1. Accueil
  2. West Africa
  3. Liberia

Profile of LURD leader, Sekou Conneh

[Liberia] LURD leader, Sekou Damate Conneh. David Swanson/IRIN
Sekou Conneh wants to be Liberia's first elected post-war president
Sekou Damate Conneh was propelled to the leadership of LURD, Liberia's main rebel movement, not by his military prowess, but by his close family connections to LURD's main political backer, President Lansana Conteh of Guinea. His Liberian wife, Aisha, is the daughter of Conteh's personal soothsayer and is reputed to be no mean clairvoyant in her own right. According to relatives of Conneh and political insiders in Conakry, Aisha warned the Guinean leader in advance about a coup attempt in 1996, during which the presidential palace was shelled by artillery and reduced to a burnt-out wreck. Conneh, 42 worked as a tax collector for four years until he fled into exile in Guinea in 1990 as a result of escalating civil war in Liberia. Relatives say he was not active in Liberian politics at the time. However, Conneh belongs to the Mandingo ethnic group which was distrusted and persecuted by Charles Taylor's National Patriotic Front of Liberia (NPFL). And in 1990 it was gaining the upper hand in the conflict. Moving to the Guinean capital Conakry, Conneh became a trader in second hand cars for several years and a fluent speaker of French. He returned to Liberia after Taylor's election as president in 1997 to resume his former job as a revenue collector for the ministry of finance. But he soon quit to go back to car trading in Conakry. This time, Conneh began exporting second-hand cars purchased in Guinea to Liberia. But the activity landed him in trouble a year later when he was arrested by Liberian intelligence officers at the Ganta border crossing and accused of smuggling. Conneh was moved to a prison cell in Monrovia, but his clairvoyant wife interceded with the Guinean head of state to get him released. One of Conneh's cousins told IRIN: “Sekou, got released upon the intervention of Lasana Conteh who phoned Taylor to use his influence to have him released. Taylor summoned all of his security top brass to find out where Sekou was in jail and on what charges. Taylor instructed (Intelligence) Director Freddie Taylor to have him released.” Conneh was duly freed and delivered into the care of one of the Liberian president's several wives, Tupee Boakai-Taylor, who ensured his safe passage back to Guinea. When several veteran opponents of Charles Taylor who had previously fought in the Mandingo dominated rebel movement ULIMO-K reorganised themselves as Liberians United for Reconciliation and Democracy (LURD) in April 1999, they invited Conneh to become their chairman because of his high-level contacts with the Guinean government. Diplomats say that since its inception LURD has enjoyed strong backing from the Guinean government. This was stepped up after Taylor sponsored an abortive rebellion in eastern Guinea in 2000. In his new role as rebel leader, Conneh has continued to live openly in Conakry and has developed a reputation for wearing smart suits. This polished image is at odds with the ragged nature of his guerrilla army, which contains large numbers of child soldiers. Conneh was born in 1960 into a wealthy Muslim family in Gbarnga, a large town in central Liberia, which was a Taylor stronghold during the 1990s. He graduated from Gbarnga Methodist School in 1985 and joined the finance ministry as a tax collector a year later. His father, Damate Conneh, was a traditional Mandingo chief who owned several hundred acres of farmland nearby. However, he ran foul of the late president Samuel Doe in the mid-1980s and was deprived of his chieftancy. Doe accused Damate - the name means "he who talks too much" - of fomenting conflict between the Mandingo and Kpelle tribes in Bong county, of which Gbarnga is the capitol. Conneh, the son, only hit the international limelight earlier this year when he began touring African and European capitals for high-profile meetings with government ministers and heads of state, eager to exert a restraining influence on LURD's advance into Monrovia. Diplomats said that in negotiations for a comprehensive peace settlement he made more concessions than his followers at home were happy with, agreeing in particular to waive LURD's claim to the vice-presidency in the interim government that is due to take office in October. Conneh's - and LURD's - political ideals remain something of a mystery. In its public statements, the rebel movement has said repeatedly that its main aim is to get rid of Charles Taylor. With Taylor's resignation and depature into exile on 11 August, this has now been achieved.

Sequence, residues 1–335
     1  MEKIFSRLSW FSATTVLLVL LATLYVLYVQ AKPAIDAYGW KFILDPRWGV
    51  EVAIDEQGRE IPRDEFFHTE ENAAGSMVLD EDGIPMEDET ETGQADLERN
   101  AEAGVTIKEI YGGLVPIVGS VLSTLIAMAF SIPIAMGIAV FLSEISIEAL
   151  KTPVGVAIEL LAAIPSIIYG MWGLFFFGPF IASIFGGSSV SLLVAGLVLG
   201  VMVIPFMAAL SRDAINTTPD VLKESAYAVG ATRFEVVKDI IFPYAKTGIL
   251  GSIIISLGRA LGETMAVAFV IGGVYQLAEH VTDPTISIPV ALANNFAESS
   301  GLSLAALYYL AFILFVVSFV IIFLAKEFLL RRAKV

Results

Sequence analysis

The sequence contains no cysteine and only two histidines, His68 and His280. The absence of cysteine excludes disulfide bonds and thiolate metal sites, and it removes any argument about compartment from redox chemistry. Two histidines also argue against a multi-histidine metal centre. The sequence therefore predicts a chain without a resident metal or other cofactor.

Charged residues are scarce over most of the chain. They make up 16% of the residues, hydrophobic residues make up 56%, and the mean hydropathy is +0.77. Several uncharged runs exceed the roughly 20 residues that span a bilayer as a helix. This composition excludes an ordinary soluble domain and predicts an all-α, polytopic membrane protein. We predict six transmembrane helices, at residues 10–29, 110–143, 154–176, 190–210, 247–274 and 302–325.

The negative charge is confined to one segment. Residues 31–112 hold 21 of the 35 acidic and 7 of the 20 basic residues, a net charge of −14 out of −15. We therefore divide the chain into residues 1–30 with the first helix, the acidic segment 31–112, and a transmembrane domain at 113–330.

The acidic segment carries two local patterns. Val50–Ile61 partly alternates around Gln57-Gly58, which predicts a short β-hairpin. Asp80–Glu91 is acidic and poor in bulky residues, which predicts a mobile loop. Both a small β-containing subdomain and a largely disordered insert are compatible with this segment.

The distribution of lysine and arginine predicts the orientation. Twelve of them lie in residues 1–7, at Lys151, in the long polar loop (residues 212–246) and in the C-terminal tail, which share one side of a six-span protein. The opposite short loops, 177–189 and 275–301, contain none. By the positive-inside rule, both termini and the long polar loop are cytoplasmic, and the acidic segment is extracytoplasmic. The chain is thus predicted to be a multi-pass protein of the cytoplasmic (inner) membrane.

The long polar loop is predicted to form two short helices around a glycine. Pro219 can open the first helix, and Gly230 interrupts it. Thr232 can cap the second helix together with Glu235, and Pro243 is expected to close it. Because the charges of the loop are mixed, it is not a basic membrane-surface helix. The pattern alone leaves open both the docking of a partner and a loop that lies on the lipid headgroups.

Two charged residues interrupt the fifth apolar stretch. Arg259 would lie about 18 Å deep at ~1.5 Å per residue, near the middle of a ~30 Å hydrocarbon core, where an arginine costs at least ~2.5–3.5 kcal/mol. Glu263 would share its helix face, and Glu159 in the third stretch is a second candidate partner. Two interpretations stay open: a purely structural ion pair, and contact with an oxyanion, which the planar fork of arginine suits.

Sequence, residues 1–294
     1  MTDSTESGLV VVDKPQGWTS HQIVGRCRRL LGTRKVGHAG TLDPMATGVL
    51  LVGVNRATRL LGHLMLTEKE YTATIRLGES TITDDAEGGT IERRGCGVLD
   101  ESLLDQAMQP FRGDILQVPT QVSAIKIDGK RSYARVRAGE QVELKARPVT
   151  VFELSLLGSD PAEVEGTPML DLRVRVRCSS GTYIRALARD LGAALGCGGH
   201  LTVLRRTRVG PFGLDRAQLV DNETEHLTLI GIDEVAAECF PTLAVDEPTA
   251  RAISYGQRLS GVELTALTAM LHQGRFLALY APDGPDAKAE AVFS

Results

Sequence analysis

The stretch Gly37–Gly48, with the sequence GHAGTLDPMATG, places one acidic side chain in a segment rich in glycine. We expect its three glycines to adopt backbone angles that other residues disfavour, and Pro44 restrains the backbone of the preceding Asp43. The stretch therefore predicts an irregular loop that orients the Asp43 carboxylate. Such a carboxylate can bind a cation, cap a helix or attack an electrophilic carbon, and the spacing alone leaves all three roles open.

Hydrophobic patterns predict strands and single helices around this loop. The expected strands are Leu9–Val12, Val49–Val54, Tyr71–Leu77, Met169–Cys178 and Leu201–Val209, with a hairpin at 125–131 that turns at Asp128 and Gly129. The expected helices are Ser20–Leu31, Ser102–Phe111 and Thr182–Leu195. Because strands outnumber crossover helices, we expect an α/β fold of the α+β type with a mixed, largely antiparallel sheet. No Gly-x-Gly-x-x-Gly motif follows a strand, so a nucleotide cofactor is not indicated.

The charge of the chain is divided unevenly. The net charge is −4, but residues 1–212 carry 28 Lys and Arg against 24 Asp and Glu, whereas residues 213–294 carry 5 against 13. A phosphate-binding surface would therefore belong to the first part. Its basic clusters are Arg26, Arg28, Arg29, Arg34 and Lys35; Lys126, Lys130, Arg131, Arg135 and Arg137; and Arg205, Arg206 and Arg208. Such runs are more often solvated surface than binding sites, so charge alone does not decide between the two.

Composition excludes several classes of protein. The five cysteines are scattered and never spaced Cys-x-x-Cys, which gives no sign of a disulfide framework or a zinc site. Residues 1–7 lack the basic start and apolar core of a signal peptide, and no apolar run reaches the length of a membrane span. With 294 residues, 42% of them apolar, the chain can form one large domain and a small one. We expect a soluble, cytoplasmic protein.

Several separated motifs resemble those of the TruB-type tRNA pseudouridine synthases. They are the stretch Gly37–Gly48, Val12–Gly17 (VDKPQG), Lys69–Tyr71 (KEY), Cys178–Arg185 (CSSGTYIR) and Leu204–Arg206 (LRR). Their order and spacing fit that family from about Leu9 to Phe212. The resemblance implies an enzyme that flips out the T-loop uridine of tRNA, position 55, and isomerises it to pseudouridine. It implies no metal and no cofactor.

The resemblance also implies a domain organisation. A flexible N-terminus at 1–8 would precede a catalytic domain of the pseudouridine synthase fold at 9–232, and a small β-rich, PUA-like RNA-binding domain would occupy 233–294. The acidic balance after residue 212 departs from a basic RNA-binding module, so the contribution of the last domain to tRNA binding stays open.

This article was produced by IRIN News while it was part of the United Nations Office for the Coordination of Humanitarian Affairs. Please send queries on copyright or liability to the UN. For more information: https://shop.un.org/rights-permissions

Partager cet article

Get the day’s top headlines in your inbox every morning

Starting at just $5 a month, you can become a member of The New Humanitarian and receive our premium newsletter, DAWNS Digest.

DAWNS Digest has been the trusted essential morning read for global aid and foreign policy professionals for more than 10 years.

Government, media, global governance organisations, NGOs, academics, and more subscribe to DAWNS to receive the day’s top global headlines of news and analysis in their inboxes every weekday morning.

It’s the perfect way to start your day.

Become a member of The New Humanitarian today and you’ll automatically be subscribed to DAWNS Digest – free of charge.

Become a member of The New Humanitarian

Support our journalism and become more involved in our community. Help us deliver informative, accessible, independent journalism that you can trust and provides accountability to the millions of people affected by crises worldwide.